We’ll see if the plaintiffs do, in fact, amend their suit.
[i] The suits have been filed on behalf of participants in in the 401(k) plans of Citigroup Inc., Cisco Systems Inc., Genworth, Stanley Black & Decker Inc., Microsoft, Marsh & McLennan Cos., Advance Publications, and Wintrust Financial Corp.
[ii] The American Retirement Association has joined with the American Benefits Council and the ERISA Industry Committee in filing an amicus brief in support of the plan defendants in several of these cases, including this one.
[iii] The participant-plaintiffs here—again, as in the other suits—claimed that the BlackRock TDFs significantly underperformed four of the five comparative target-date funds (Vanguard, T. Rowe Price, American Funds, Fidelity) that are the largest by market share. The suit claims that, “When evaluated against the Comparator TDFs, both individually and as a group, the returns of the BlackRock TDFs, at all stages along the glide path from aggressive to conservative, paled in comparison to those of the readily available alternatives. Accordingly, the analytical frameworks employed by prudent fiduciaries could not have supported a determination that the expected returns of the BlackRock TDFs would justify their retention in the Plan.”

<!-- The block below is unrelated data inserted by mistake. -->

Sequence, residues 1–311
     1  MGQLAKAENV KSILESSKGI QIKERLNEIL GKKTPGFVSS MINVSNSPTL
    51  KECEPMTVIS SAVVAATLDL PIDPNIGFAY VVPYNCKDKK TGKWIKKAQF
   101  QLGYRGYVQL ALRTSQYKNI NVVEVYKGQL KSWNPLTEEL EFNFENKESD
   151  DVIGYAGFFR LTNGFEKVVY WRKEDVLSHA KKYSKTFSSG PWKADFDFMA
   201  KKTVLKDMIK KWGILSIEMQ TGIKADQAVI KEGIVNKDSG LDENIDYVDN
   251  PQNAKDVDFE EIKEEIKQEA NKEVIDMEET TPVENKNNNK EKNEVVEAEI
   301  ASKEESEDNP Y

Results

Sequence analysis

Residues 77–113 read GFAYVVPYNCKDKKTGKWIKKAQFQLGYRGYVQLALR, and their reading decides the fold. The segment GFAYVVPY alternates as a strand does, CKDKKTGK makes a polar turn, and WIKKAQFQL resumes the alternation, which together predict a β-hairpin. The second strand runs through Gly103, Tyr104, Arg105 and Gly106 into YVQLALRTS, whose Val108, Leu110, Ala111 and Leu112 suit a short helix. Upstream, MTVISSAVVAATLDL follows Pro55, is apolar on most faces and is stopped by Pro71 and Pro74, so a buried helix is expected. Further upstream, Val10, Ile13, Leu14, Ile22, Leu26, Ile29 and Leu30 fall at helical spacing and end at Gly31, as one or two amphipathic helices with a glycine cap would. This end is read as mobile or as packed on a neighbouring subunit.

[iv] Judge Robart commented in a footnote that the Morningstar Report could be considered by the court here “because Plaintiffs rely on it in their complaint.”
[v] According to Judge Robart, Beldock “was only ever invested in the BlackRock Retirement TDF, which, according to Plaintiffs, “regularly generated better trailing returns than the two Comparator TDFs that also offer a Retirement vintage.” Indeed, the complaint is devoid of any allegation that Mr. Beldock suffered any concrete injury.”
[vi] All were FORMER employees and FORMER participants—and, as Judge Robart noted, “none of the three Plaintiffs alleges that he is likely to become reemployed by Microsoft and to participate again in the Plan.”